Volume 23, Issue 2 (Spring 2017)
This Introduction discusses the current political climate following the presidential inauguration of Donald J. Trump, with a focus on Trump’s first 100 days in office and what his actions entail for animal advocates as well as for the field of animal law. The Introduction approaches the Trump presidency through a historical and practical lens, then scrutinizes the Trump administration’s actions through its first 100 days. Following this analysis, the Introduction turns to the considerable number of voices that have risen in response to the President’s initiatives and to those of his party. This Introduction concludes by emphasizing the need for diligence and by proposing avenues for animal advocates to continue fostering change.
Using a feminist theoretical perspective and drawing on examples from Canada and the United States, this Article considers the promises and pitfalls of language and narrative in the context of animal advocacy efforts. Because the animal advocacy movement faces an uphill battle on a number of fronts, leveraging language and narrative more conscientiously can help enhance its success. Elucidating the equivocal nature of the premises on which our current social and legal conceptualization of nonhuman animals lies can prompt a shift in the dominant modes of thinking about nonhuman animals, thereby stimulating meaningful change in their treatment. However, it is not only the message that matters, but also how that message is conveyed. Narratives offer a potentially more compassionate, less antagonistic way of drawing attention to nonhuman animal suffering in order to trigger an interruption in established ways of thinking that posit that nonhuman animals are outside of the realm of moral considerability and, therefore, outside the bounds of legal protection.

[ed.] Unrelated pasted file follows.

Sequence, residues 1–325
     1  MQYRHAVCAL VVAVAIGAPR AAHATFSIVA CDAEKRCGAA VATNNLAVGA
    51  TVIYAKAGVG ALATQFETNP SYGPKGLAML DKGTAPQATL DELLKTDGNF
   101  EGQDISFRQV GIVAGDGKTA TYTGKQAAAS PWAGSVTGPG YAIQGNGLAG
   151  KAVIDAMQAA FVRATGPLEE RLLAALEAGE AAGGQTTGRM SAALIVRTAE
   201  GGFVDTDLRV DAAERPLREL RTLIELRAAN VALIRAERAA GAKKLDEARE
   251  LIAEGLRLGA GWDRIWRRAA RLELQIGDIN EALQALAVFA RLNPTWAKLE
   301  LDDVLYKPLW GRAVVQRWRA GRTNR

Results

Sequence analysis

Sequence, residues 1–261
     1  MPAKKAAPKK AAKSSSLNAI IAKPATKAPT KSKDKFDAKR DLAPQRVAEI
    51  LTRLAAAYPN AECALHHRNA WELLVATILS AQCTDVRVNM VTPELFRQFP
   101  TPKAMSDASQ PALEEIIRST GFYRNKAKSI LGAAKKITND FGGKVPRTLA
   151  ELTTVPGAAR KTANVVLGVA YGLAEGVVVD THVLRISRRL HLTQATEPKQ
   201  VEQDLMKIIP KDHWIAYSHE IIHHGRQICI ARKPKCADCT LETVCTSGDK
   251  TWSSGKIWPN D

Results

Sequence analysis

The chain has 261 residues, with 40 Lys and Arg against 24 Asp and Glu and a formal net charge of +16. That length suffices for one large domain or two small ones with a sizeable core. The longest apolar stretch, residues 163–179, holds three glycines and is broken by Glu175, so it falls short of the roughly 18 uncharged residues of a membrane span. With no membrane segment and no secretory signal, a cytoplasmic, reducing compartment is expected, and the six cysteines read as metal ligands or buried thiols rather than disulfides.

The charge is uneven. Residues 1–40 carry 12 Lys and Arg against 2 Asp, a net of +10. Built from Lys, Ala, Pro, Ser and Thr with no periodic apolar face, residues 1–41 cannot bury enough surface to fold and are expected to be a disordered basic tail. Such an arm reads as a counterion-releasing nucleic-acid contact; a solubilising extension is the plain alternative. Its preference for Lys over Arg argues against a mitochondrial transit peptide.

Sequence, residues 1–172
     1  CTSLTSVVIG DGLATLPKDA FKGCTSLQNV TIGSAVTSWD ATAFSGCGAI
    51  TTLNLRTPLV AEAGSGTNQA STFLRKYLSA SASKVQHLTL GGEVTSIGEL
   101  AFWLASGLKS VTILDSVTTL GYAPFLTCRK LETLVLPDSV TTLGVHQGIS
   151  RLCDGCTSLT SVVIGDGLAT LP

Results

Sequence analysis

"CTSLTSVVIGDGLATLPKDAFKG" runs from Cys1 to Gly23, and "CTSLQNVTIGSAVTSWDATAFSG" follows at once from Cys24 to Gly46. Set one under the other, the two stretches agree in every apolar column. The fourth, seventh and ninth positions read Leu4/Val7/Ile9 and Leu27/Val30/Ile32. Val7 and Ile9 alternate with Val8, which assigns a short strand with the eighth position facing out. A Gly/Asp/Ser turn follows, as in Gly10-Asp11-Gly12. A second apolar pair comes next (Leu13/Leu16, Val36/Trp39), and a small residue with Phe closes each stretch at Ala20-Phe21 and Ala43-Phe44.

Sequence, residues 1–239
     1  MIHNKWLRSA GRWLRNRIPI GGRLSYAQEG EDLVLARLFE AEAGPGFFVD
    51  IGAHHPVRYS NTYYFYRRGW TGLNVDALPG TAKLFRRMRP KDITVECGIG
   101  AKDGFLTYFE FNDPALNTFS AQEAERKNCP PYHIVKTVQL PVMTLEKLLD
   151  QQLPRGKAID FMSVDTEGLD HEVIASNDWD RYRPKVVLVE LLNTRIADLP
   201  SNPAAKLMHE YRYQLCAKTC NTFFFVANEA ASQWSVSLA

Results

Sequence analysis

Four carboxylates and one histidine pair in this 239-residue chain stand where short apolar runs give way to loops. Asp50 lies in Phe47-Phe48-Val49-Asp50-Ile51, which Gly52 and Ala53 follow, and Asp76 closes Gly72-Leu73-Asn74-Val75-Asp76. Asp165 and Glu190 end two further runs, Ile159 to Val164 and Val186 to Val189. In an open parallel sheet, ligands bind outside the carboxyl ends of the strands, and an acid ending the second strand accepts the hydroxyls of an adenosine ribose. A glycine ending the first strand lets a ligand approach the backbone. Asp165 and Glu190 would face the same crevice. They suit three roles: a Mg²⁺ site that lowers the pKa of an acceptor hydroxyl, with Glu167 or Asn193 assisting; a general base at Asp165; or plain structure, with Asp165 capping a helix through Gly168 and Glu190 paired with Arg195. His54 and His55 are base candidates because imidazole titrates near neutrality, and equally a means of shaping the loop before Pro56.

This Article demonstrates how federal district court decisions have protected the threatened red wolf. The history of red wolf introduction and the Fourth Circuit decision in Gibbs v. Babbitt are reviewed. In 2012, North Carolina allowed coyote hunting in the red wolf recovery area. The District Court for the Eastern District of North Carolina correctly issued an injunction stopping the action. The court held North Carolina set in motion events that led to the killing of red wolves and violated federal regulations regarding the taking of red wolves. The resulting settlement agreement precluded state interference with red wolf recovery. Genetic studies have questioned the red wolf’s taxonomic status. This Article posits that the red wolf should retain Endangered Species Act protections even if it is a gray wolf-coyote hybrid. The U.S. Fish and Wildlife Service attempted to curtail red wolf recovery in 2016. The federal district court properly halted the proposal.
An increasing number of states are passing laws criminalizing the use of fraudulent service animals. This Article explores the potential impact of these laws on people with disabilities and the effectiveness of these laws for places of business who want to exclude fraudulent service animals. The Article considers the nature of fraudulent service animal use and the reasons people may use them, the difficulties in enforcing these state laws in light of the Americans with Disabilities Act, and the potential detrimental effects on the civil rights of people with disabilities using legitimate service animals. Based on this analysis, the Article proposes alternative approaches to address the problem of fraudulent service animal use, recommending an increase in legislative clarity and improved public education.